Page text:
Pineapplegate: Exclusive Memo Detailing the “Hare and the Pineapple” Passage

Test maker Pearson defends the controversial questions and details how many states have been using them in recent years

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Previous Use of “Hare and Pineapple” Passage and Items

The Stanford 10 Form B, which contains the passage and the six multiple choice items, is used exclusively as a secure form. This means that this form is available only for state-wide or large district customers who agree to maintain security of the documents at all times. Between 2004 and 2012 the form was previously used in six other states and three large districts. In 2012, the only state-wide use of this form was in NY State. Until the events of this past week, we did not have any prior knowledge that the passage entitled “The Hare and the Pineapple” had any controversy associated with it from any prior use.

State administrations include:

• Alabama 2004-2011

• Arkansas 2008-2010

• Delaware 2005-2010

• Illinois 2006-2007

• New Mexico 2005-2007

• Florida 2006

Large District Administrations:

• Chicago 2006-2007

• Fort Worth

• Houston


Item Performance

Item statistics are provided for the six items related to the Hare and the Pineapple, both based on New York state field test in 2011, and a representative sample at the national level (2002). As can be observed from the statistics on the following page, the items performed reasonably well. Based on the New York State students’ performance, item p values range from 0.32 to 0.86, indicating a good selection of easy and challenging items related the passage. The discrimination powers (based on point biserial values) of the items are also high, ranging from 0.27 to 0.47. The industry standard requires point biserial values to be higher than 0.20.


The National Research Program for the standardization of Stanford 10 took place during the spring and fall of 2002. The purpose of the National Research Programs were to provide the data used to equate the levels and forms of the test series, establish the statistical reliability and validity of the tests, and develop normative information descriptive of achievement in schools nationwide. Testing for the Spring Standardization Program of all levels and forms of Stanford 10 took place from April 1, 2002, to April 26, 2002. Testing for the Equating of Levels Program, Equating of Forms Program, and Equating of Stanford 10 to Stanford 9 took place from April 1, 2002, to May 24, 2002. Approximately 250,000 students from 650 school districts across the nation participated in the Spring Standardization Program, with another 85,000 students from 385 school districts participating in the spring equating programs. Some students participated in more than one program

Testing for the Fall Standardization Program took place from September 9, 2002, to October 18, 2002. Testing for the Equating of Levels Program, Equating of Forms Program, and Equating of Stanford 10 to Stanford 9 took place from September 9, 2002, to November 1, 2002. Approximately 110,000 students participated in the Fall Standardization and Equating Programs. Some students participated in more than one program.

The majority of individuals who wrote test items for Stanford 10 were practicing teachers from across the country with extensive experience in various content areas. Test item writers were thoroughly trained on the principles of test item development and review procedures. They received detailed specifications for the content area for which they were writing, as well as lists of instructional standards and examples of both properly and improperly constructed test items.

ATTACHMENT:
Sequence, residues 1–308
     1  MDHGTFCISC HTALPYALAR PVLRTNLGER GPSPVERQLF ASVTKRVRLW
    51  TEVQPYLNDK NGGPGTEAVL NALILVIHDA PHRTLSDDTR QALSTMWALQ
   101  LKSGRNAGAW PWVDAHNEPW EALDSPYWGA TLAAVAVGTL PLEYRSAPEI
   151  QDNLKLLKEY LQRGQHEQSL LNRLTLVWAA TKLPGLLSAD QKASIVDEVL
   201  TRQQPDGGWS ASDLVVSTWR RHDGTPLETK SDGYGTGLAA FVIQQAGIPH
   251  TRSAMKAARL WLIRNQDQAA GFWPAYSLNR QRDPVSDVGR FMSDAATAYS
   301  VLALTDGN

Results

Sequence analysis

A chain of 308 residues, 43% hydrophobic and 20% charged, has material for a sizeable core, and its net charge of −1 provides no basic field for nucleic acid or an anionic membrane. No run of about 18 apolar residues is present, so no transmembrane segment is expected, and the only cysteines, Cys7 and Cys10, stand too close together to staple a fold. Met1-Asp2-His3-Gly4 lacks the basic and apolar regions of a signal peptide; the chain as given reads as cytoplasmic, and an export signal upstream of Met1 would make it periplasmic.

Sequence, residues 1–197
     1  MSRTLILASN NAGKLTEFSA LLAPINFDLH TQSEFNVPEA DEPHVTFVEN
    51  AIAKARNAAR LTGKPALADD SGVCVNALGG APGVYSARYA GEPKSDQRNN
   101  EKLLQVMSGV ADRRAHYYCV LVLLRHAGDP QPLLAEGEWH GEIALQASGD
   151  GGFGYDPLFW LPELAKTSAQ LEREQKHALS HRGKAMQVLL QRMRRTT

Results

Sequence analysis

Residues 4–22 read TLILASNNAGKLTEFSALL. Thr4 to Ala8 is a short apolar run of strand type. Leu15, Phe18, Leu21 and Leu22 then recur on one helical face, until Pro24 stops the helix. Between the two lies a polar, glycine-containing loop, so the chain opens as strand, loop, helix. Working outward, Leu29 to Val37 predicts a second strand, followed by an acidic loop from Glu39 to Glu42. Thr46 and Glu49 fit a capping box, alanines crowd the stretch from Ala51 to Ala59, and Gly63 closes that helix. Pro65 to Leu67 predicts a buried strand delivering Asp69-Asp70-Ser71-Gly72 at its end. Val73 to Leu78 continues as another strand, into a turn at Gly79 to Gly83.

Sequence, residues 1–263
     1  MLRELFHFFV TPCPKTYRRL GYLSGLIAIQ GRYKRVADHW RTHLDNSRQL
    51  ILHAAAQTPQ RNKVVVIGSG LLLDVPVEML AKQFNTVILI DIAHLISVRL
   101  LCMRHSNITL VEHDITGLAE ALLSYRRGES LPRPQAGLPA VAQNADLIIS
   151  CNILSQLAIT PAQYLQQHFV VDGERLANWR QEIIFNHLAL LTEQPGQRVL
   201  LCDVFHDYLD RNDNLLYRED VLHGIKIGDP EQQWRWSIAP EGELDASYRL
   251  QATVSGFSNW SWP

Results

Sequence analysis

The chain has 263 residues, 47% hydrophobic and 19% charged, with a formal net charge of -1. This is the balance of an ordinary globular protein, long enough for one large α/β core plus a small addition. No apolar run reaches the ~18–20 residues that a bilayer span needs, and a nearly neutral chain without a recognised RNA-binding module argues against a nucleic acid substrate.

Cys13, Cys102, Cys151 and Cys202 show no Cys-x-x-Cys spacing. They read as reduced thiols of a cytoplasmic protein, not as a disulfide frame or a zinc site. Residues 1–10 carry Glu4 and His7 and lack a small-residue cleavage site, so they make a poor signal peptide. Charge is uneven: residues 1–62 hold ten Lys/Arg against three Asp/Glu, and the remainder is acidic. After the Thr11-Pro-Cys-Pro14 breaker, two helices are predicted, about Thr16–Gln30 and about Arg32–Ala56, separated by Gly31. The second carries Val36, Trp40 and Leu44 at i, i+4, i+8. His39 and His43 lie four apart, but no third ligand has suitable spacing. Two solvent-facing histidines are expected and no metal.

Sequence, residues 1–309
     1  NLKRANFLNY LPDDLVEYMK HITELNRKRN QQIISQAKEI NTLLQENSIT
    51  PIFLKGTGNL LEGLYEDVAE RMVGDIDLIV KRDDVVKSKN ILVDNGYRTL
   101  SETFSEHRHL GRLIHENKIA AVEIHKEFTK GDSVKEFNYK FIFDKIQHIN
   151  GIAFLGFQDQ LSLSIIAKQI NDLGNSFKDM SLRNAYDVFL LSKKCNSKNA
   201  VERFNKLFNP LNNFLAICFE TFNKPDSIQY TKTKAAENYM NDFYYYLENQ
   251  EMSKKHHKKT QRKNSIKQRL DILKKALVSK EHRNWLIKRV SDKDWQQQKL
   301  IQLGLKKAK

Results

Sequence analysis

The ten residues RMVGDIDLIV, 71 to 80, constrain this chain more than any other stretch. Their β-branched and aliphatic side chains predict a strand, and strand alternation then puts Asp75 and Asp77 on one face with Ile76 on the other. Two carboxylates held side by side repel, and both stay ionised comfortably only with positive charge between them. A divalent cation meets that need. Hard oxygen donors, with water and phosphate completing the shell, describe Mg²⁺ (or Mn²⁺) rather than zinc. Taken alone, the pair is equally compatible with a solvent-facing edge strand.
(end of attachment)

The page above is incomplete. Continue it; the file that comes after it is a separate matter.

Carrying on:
As test items were written, and received, each test item was submitted to rigorous internal screening processes that included examinations by:

• content experts, who reviewed each test item for alignment to specified instructional standards, cognitive levels, and processes;

• measurement experts, who reviewed each test item for adequate measurement properties;


• editorial specialists, who screened each test item for grammatical and typographical errors.

The items were then administered in a National Item Tryout Program which provided information about the pool of items from which the final forms of the test were constructed. The information provided by the Stanford 10 National Item Tryout Program included:

• The appropriateness of the item format: How well does the item measure the particular instructional standard for which it was written?

• The difficulty of the question: How many students in the tryout group responded correctly to the item?

• The sensitivity of the item: How well does the item discriminate between students who score high on the test and those who score low? .

• The grade-to-grade progression in difficulty: For items trie~ out in different grades, did more students answer the question correctly at successively higher grades?

• The functioning of the item options: How many students selected each option?

• The suitability of test length: Are the number of items per subtest and recommended administration times satisfactory?

 In addition to statistical information about individual items, information was collected from teachers and students concerning the appropriateness of the questions, the clarity of the directions, quality of the artwork, and other relevant information.

We trust this information is helpful to you. Please know that Pearson is ready to assist you and answer any additional questions you may have. As such, don’t hesitate to contact me at

Most Sincerely,

Jon S. Twing, Ph.D.

Executive Vice President & Chief Measurement Officer


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